- Build chimeras using advanced genetic engineering. All sorts of creatures are possible, such as entirely sapient dragon men. These hybrid creations are markedly more expensive than androids.
Narn-K has extensive government and mob contacts to go with their vast wealth. Thus, they can do pretty much what they want. Its board is run by one Dr. Lamia Fletcher.
Narn-K appears to have been destroyed, and Fletcher and her board slain. But their assets had to go somewhere, and they may have had competitors.
Organised crime is strong in Pacific City, and perhaps elsewhere. It seems possible that mobs benefitted from pulp-novel-like masterminds running them, whereas the police didn’t.
P-City is a special case. One of the biggest crime lords from the Prohibition era, Ferro Zampa, took control of it. It became known as a safe haven for mobsters, as long as they toed the line drawn by Don Zampa.
In P-City, the mob also had preferential access to Narn-K’s resources, such as synthetic gunmen and dog-based hybrid guards. However that may have been unique – a result of Narn-K’s agents going to extra lengths against Doc Horror.
The law enforcement is generally out of their depth, and they know it. The mobs are more moneyed and better-connected. In Pacific City, the police is almost cosmetic.
Part of the issue is that the vast majority of people live in denial about their world’s actual nature, and what goes on during the night. That includes many cops. And if they were to insist about the existence of supernatural threats, they’d run into strong hostility. Up to and including institutionalisation.
However, when the problem is just too visible — such as a zombie plague — action will be reluctantly taken. For instance, the state police once came to Pacific City to help exterminate said zombies. Then people will go back to pretending it’s over and will never happen again.
This denial might have seemed forced back when Nocturnals started. Like a watered-down version of Delirium in the Werewolf: The Apocalypse 1992 TTRPG. But climate change issues and massive COVID-19 denial now provide examples for this dynamic.
The Crim are a malign race with lots of tentacles, and magical powers. Their youngs, who look like deformed red squids, can attach themselves to bodies and take over.
The Crim are from Doc Horror’s homeworld, the Black Planet. They warred against Horror’s species for thousands of years, won, and pursued him to Earth.
Their usual technique is to have a small number of agents take over key government officials. Like the Aetherials in Grim Dawn.
Adult Crim are difficult to kill. But Doc Horror came up with weapons who could do so. Back on the Black Planet, he made a weird science raygun pistol. Later on he built gateway bullets for Earth handguns.
Crim presence on Earth was modest. It was led by Fane, a former colleague of Doc who had sided with the Crim. On Earth, he worked with Narn-K.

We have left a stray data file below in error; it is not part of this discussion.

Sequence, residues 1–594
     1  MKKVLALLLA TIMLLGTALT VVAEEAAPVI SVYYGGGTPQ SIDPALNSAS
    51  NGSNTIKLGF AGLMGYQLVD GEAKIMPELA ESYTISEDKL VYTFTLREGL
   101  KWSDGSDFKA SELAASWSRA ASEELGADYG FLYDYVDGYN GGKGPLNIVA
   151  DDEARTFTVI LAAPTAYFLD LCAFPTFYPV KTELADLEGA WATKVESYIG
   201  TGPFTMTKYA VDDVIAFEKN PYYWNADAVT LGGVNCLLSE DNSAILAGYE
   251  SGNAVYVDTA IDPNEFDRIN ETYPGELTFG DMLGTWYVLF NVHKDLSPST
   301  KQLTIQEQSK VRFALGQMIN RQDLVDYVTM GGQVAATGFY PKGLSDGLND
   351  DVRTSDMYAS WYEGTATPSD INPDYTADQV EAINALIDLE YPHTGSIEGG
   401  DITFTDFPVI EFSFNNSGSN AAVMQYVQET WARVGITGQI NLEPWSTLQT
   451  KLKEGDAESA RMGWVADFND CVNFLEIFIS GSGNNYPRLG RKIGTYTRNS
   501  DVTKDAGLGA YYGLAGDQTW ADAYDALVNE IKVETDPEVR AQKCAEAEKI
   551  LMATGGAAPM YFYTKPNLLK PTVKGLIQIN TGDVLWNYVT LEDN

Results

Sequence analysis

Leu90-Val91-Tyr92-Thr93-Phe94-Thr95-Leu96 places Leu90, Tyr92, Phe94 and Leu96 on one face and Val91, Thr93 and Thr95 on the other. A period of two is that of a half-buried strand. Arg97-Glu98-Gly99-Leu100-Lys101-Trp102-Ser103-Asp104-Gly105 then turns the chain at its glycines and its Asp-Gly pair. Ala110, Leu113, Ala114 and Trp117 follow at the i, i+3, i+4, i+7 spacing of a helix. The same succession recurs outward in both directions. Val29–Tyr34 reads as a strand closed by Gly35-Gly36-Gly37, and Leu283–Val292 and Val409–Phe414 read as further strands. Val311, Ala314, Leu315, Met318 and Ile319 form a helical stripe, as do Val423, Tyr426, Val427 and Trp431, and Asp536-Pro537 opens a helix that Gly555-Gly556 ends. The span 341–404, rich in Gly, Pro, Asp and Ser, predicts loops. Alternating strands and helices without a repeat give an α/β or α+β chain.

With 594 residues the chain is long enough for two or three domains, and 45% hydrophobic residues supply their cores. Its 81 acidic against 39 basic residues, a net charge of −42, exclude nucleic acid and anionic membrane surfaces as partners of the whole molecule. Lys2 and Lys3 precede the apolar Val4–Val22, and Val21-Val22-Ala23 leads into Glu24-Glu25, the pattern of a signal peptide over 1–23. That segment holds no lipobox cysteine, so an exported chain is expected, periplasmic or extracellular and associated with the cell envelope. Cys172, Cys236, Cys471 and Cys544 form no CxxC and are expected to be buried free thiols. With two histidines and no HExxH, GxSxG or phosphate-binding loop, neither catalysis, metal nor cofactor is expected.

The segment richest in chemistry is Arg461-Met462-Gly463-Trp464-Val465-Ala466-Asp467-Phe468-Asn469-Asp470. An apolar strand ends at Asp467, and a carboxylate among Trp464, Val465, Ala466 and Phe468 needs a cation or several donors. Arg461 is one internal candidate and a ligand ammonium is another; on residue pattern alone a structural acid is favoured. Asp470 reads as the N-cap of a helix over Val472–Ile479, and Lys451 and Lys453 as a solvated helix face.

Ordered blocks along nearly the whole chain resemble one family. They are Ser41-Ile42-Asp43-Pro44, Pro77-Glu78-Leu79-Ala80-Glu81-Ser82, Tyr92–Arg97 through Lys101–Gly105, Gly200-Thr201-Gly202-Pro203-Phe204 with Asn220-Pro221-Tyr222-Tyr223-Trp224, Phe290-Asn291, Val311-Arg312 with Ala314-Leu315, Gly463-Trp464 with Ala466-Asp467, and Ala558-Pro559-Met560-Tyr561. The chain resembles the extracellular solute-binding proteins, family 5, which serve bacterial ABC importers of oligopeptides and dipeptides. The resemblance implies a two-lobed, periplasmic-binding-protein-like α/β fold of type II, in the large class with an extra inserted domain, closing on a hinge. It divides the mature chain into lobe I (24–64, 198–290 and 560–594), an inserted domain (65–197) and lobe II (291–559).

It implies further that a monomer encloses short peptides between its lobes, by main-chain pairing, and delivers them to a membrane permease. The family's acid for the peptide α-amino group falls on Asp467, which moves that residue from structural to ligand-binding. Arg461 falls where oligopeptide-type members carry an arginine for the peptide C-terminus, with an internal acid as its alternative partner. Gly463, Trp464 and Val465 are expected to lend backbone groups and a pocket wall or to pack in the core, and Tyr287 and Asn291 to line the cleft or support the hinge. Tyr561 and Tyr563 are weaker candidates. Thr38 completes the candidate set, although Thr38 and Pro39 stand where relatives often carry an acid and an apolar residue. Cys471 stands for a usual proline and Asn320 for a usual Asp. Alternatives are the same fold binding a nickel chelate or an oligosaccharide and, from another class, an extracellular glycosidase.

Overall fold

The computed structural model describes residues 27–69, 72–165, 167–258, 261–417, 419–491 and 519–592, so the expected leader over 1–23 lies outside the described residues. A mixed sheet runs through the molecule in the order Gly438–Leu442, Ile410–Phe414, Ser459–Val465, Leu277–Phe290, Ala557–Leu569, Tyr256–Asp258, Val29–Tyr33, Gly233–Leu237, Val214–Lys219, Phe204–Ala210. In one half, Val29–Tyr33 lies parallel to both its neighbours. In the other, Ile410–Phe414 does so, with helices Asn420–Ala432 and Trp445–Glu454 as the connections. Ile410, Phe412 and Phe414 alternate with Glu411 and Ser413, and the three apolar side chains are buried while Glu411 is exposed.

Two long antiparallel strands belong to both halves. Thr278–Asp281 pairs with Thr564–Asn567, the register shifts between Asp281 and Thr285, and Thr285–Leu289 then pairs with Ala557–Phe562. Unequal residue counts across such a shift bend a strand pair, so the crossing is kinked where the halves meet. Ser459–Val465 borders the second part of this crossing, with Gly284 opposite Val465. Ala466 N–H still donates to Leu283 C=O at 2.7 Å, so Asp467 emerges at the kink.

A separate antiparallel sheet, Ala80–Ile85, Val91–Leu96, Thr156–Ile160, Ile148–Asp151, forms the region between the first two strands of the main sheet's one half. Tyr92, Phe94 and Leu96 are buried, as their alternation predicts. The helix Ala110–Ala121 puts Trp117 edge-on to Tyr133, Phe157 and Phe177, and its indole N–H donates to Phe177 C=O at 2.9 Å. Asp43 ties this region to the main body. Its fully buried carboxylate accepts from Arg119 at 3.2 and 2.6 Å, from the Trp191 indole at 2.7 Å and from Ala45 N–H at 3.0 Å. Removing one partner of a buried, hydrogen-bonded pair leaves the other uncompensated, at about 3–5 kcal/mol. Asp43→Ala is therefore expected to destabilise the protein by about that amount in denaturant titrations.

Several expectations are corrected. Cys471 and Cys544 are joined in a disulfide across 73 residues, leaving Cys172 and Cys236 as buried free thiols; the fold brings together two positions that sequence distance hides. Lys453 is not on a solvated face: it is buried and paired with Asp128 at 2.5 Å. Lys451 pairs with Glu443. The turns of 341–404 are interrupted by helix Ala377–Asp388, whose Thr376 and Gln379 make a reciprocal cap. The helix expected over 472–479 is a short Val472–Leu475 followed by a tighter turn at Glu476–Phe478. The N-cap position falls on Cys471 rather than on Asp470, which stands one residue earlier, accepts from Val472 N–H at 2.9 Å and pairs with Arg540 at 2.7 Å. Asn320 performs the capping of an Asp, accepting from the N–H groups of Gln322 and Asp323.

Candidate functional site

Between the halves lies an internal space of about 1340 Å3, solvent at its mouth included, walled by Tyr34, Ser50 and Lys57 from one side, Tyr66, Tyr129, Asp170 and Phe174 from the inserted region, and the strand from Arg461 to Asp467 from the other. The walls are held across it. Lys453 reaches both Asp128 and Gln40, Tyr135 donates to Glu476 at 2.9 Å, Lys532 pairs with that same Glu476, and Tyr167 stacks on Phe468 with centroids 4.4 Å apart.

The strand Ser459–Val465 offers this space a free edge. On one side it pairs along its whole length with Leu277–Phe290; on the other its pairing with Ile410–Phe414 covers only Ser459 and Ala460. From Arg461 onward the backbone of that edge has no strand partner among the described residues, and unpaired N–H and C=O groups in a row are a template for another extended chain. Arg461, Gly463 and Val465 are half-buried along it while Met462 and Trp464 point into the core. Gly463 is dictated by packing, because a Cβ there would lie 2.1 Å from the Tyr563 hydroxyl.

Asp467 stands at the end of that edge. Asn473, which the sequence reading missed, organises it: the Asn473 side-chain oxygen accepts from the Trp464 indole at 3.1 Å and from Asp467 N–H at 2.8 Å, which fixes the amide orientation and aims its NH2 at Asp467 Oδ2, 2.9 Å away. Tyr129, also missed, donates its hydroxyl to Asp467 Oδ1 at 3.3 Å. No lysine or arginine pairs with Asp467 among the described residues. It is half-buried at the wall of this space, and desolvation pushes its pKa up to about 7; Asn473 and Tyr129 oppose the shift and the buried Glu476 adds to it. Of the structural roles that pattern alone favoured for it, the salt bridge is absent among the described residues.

Fane, and the Crim youths and agents he had taken along with him, were eventually destroyed.
Vampire clans have their own territories, and usually are the stay-at-home sort. They are ruled by a government called the Nation of the Bloodless, who hates it when there’s trouble. The Nation will eliminate unruly clans.
The vampires find their roots in Ancient Egypt – apparently with Queen Nitocris, of the Sixth Dynasty .
There is a *lot* of vampire clans out there. Thousands, with presence in every major city.
Going off the beaten path might lead to running into fairy-tale-style monsters. Such as wicked witches, or bridge trolls.
How frequent these creatures are is unclear. Apparently, the presence of Evening Horror acts as a beacon, which means supernatural encounters are far more likely in her vicinity.
Furthermore, the P-City area was long dominated by a trio of undying witches, though only one of the three sisters is still around. Their children account for a good part of the non-human population.
There’s also a fair few lost civilisations. A species of piscine or amphibian humanoids predated mankind, but they and their secrets are now thought extinct.
One of their megastructure, near Pacific City, was hijacked after their extinction by crayfish-like humanoids. These Skerrl creatures used necromancy to prolong their existence, but they were destroyed by the Nocturnals.
Not all supernaturals are malign, of course. For instance the bridge troll was nice enough. And Eve attended a secret boarding school for a while, run by a vampire headmistress.
There also was at least one coven of witches working to keep infernal creatures away from Earth. These coordinated with Doc Horror.
The Nocturnals are markedly superior to run-of-the-mill ghosts ‘n’ ghoulies, or ordinary criminals.
But the power level of such opponents seems modest. Most vampires and goblins do not seem to have genuine combat training, though they sure seem confident when bullying and preying upon helpless ordinary people.
When running into something more akin to a super-team, such as the Hideous League or Rictus’ Murder crew, the Nocturnals seemed slightly outgunned. In particular, the Murder would have likely killed several Nocturnals under less favourable circumstances.
Therefore, the individual writeups go for a cinematic action hero level for the combat experts, such as Firelion or Starfish. Plus powers, but the levels for these seem closer to pulpish than super-heroic.
There’s a blink-and-you’ll-miss-it mention that Gunwitch carries a tracker, which is capable of emitting a distress signal.
Presumably all Nocturnals were given one by Doc. With the likely exception of Polychrome, who’s not routinely material.
Source of Character: Nocturnals stories.
Writeup completed on the 29th of April, 2019.